People are mixing Jägermeister with ketchup and fish sauce.
A conversation about Jägermeister in the U.S. will trigger a boozy walk down memory lane, where nights of pounding Jägerbombs and pulling swigs straight from a Jäger bottle were the college norm. Cue goose bumps and headaches, plus living proof that Americans abused the living daylights out of Jägermeister during the early 2000s. Dear Jägermeister, please forgive us. Back then, we had no idea you could make such beautiful cocktails.
Europe, however, has never stopped embracing the herbal elixir. It’s alive and thriving in the craft cocktail world, and they know how to use it far beyond dropping a shot into a glass of Red Bull. Mixologists and bartenders take the spirit very seriously; in fact, if Jägermeister were born today, it would be at arm’s length of some of the industry’s top herbal liquors, including Italy’s prized Amaro.
Michal Durinik, a bartender at Prague’s underground Black Angel’s Bar, says, “We are embracing Jägermeister as a quality and complex Amaro for cocktail creation, not just shots. I do believe as the Amaro category continues to grow, Jägermeister will stay a leading spirit in both U.S. and here as it continues to impress in cocktail-making.”
With word catching on fast overseas, it’s only a matter of time before Jägermeister earns the respect it deserves in the States. Here, a look at how the spirit is being used in Europe from several leading mixologists and bartenders.
Black Angel’s Bar serves all sorts of tiki-style cocktails with Jägermeister as the star, including a Pina Jägermeister Colada crafted with Malibu, coconut water and pineapple juice. "Jägermeister makes for a delicious and unique tiki cocktail, like a colada, because of the herbal and complex flavors,” says Durinik. “Normally people would not think to mix herbal Jägermeister with a spirit such as Malibu, but the flavors create for a surprising experience."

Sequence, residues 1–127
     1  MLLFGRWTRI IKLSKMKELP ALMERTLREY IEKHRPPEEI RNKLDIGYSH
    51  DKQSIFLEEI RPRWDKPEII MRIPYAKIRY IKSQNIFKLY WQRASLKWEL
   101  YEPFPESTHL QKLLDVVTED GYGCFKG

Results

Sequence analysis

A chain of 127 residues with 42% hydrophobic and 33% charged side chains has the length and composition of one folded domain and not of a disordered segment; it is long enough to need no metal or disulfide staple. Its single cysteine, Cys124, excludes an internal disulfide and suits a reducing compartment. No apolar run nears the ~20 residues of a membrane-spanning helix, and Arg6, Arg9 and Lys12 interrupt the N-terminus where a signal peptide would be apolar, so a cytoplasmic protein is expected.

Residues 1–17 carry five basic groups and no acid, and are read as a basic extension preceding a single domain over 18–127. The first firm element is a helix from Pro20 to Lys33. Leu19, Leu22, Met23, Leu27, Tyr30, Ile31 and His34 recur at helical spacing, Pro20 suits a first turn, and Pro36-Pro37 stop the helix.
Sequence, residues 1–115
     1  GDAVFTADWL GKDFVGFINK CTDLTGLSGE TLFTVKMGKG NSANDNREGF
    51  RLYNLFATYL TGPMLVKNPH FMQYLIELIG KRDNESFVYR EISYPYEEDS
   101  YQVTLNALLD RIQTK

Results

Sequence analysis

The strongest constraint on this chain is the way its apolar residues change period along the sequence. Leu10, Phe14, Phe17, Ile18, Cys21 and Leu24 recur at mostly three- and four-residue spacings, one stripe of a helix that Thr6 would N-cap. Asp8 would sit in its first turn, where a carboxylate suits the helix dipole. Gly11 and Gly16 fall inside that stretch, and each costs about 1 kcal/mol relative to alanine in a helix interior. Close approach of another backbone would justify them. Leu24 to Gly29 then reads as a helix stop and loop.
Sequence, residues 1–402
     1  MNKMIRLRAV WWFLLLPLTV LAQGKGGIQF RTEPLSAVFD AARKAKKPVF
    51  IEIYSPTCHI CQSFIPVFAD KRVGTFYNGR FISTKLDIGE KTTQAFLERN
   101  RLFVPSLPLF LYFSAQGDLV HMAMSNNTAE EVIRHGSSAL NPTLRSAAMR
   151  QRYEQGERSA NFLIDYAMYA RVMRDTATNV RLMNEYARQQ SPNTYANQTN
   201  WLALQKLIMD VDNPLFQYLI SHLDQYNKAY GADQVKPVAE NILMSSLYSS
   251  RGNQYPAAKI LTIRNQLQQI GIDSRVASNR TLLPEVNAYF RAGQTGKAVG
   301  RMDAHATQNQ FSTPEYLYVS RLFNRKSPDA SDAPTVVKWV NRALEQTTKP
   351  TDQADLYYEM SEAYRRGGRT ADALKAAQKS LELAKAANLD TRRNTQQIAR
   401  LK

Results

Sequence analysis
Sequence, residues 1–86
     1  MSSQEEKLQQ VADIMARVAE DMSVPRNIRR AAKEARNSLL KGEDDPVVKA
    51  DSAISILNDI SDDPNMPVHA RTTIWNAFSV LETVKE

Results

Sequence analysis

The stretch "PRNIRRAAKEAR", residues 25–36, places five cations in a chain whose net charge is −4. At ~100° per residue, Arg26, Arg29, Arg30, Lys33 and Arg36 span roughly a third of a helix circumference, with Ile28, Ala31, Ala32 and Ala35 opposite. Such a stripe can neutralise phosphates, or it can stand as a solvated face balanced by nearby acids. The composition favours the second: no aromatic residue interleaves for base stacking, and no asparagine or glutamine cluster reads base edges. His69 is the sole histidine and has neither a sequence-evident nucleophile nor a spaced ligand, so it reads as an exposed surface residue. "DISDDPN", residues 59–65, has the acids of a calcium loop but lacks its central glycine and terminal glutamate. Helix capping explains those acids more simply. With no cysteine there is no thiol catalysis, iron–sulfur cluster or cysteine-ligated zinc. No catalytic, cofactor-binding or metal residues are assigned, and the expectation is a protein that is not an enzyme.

Ketchup and mustard cocktails
The Sign Lounge, a quirky cocktail bar in Vienna, is devoted to keeping the experience weird for guests, where glassware is just as interesting as what’s inside. Jägermeister, cherry wine, chocolate, mandarin, tonka bean vanilla and coffee come together for an odd, but pleasantly surprising cocktail, aptly named "The Hammer." The leather-bound menu reads, “The name itself already tells too much. Luckily for us, not all guests are bartenders themselves and are thus unable to combine these ingredients to a drink in their minds.” The first sip is foreign, but there’s a nice, uplifting charm to it.
Vienna’s first and only speakeasy bar, Tür 7, is as explorative as it gets. Menus don’t even exist, just a thick book with blank white pages where whacky recipes are documented to recreate when guests return. “We don't have cocktail menus, so we work hard to always think of creative ways to make the perfect unique drink experience for each guest and open their minds to new ideas and flavors, breaking down prior flavor and spirit assumptions,” Tür 7’s bartender, Glenn Estrada, says. "In the same way, we use Jägermeister to wow our guests because it's unexpected to find in cocktails."
On a recent visit, Estrada mixes Jägermeister with Rye whiskey, mustard, ketchup, lime juice, apricot juice and beer, and assures everyone in the room it's fine. Sure enough, the drink was palatable—and would no doubt pair well with a German sausage. “Jägermeister has a large number of flavor layers and because of that it takes to and balances, when mixed thoughtfully as an art, with crazy ingredients such as ketchup and fish sauce in a way that many other spirits cannot do,” he says.
A quick conversation with Estrada, and you’ll learn that the sky is the limit when it comes to the unusual. “I've also experimented with cocktails using balsamic vinegar, curry powder and the juice of cocktail onions,” he says. “The options are limitless. I also encourage guests to bring in their own favorite ingredients to the bar for me to experiment with as well. I'm always excited for a challenge.”
Tweaked classic cocktails
Nils Boese, a famed German bartender and Jägermeister’s unofficial brand ambassador, is quick to say that the spirit is often misunderstood. “Everyone knows Jäger as a shot,” he says. “The brand is very renowned but no one knows what it actually tastes like." It turns out his modified Jäger Negroni is a popular drink amongst Berlin locals, as I ordered the cocktail at several bars throughout my 48-hour stint in the city.
Boese showcases several classic cocktails where he uses Jägermeister as the organizing ingredient. A Jäger Old Fashioned is composed of two parts bourbon and one part Jäger. “I gravitate towards embarrassing, simple ingredients because Jäger has 56 ingredients,” he says. “It’s not about mixability; it’s about versatility.”